I was a regional conservation manager for BirdLife until the beginning of this year, and now I’ve moved up to the IBA Conservation Implementation Manager role, still within the Important Bird Area programme. My regional role involved rewriting our directory of IBA sites, after completing detailed technical assessments of each site, and subsequently we’ve had to launch conservation projects in several IBAs. I’m now taking that on at a national scale.
What’s involved in your day to day duties? What are the good bits and the bad bits?
At the moment the focus of my position is to identify key focal areas at which we want to launch conservation projects. These projects generally focus on protected area expansion, achieved through biodiversity stewardship – getting private landowners to declare portions of their land as a protected area. My day to day involves the coordination of these projects, providing guidance for protected area management and occasionally dealing with tough landowners. Another project is to look at the whole private protected area space in South Africa, so I’ve been doing a review of that and trying to understand what the challenges are, how we could unlock those and enhance certain opportunities within the sector.
We’ve written some management guidelines, including habitat management guidelines focused specifically on birds, and scientific articles when we can find the time. I also do a lot of awareness raising for the organization, through popular articles in magazines, giving talks, and engaging with external partners. I’m very interested in helping young conservationists in their careers, so last week I spoke to a conservation biology Masters class. I’m always happy taking phone calls or giving interviews or advice to young conservationists or biology students.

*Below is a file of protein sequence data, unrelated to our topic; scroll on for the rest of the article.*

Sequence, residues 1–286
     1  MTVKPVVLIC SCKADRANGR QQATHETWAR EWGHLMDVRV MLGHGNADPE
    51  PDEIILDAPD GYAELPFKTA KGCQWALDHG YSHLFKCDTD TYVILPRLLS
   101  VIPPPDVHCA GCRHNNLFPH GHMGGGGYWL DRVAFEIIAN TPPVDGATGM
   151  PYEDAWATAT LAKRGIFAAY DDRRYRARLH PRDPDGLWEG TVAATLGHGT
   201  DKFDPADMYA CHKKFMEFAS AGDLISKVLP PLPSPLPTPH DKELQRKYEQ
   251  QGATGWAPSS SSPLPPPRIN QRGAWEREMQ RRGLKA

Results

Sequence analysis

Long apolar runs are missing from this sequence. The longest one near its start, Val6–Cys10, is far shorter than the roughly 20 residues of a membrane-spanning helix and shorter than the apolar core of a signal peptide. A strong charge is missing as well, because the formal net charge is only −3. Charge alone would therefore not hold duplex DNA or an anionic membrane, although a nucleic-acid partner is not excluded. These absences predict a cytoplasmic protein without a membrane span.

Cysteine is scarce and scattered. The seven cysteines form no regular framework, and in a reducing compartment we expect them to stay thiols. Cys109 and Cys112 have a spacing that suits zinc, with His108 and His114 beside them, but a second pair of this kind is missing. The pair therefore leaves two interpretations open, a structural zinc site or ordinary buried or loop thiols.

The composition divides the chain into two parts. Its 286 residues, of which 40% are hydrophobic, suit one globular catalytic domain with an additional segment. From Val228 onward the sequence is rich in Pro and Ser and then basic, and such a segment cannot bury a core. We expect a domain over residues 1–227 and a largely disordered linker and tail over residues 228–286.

What advice would you give someone wanting to follow in your footsteps, career-wise?
It’s important to try to match your academic qualifications with your years of experience. One thing that you find is that people get very comfortable in academia, and so might push on all the way to a PhD without earning any practical experience. If I’m looking for someone to employ, I might go for someone with more practical experience, combined with the academic qualifications. It’s important to gain that practical experience, unless you want to end up becoming a career academic, or a scientist as part of a conservation organization, in which case you should proceed with your academic qualifications to the highest level that you can. Try to at least volunteer and gain some practical experience while getting the academic qualification at the same time.
Approach organizations to volunteer, because you never know where that’s going to lead. And don’t be afraid of dreaming up a position for yourself, and then even taking the risk of helping write funding proposals that might allow an organization to employ you. As conservation organizations we would love to be able to employ all of the quality students and young conservationists out there, but we’re limited by resources. So if you help us to create those resources that’s quite a win-win.